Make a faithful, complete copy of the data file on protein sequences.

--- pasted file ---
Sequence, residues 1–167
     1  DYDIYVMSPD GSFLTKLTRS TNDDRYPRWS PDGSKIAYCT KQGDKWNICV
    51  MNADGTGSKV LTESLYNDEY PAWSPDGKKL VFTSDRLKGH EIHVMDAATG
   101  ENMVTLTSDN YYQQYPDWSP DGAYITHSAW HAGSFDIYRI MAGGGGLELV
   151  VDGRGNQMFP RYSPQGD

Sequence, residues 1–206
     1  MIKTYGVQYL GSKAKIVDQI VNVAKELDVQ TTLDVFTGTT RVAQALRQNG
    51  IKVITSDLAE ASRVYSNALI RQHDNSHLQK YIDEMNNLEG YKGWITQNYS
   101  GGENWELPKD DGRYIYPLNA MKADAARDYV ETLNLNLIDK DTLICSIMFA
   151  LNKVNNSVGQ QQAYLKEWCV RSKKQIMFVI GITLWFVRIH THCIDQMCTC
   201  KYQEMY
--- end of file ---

Sequence, residues 1–167
     1  DYDIYVMSPD GSFLTKLTRS TNDDRYPRWS PDGSKIAYCT KQGDKWNICV
    51  MNADGTGSKV LTESLYNDEY PAWSPDGKKL VFTSDRLKGH EIHVMDAATG
   101  ENMVTLTSDN YYQQYPDWSP DGAYITHSAW HAGSFDIYRI MAGGGGLELV
   151  VDGRGNQMFP RYSPQGD

Sequence, residues 1–206
     1  MIKTYGVQYL GSKAKIVDQI VNVAKELDVQ TTLDVFTGTT RVAQALRQNG
    51  IKVITSDLAE ASRVYSNALI RQHDNSHLQK YIDEMNNLEG YKGWITQNYS
   101  GGENWELPKD DGRYIYPLNA MKADAARDYV ETLNLNLIDK DTLICSIMFA
   151  LNKVNNSVGQ QQAYLKEWCV RSKKQIMFVI GITLWFVRIH THCIDQMCTC
   201  KYQEMY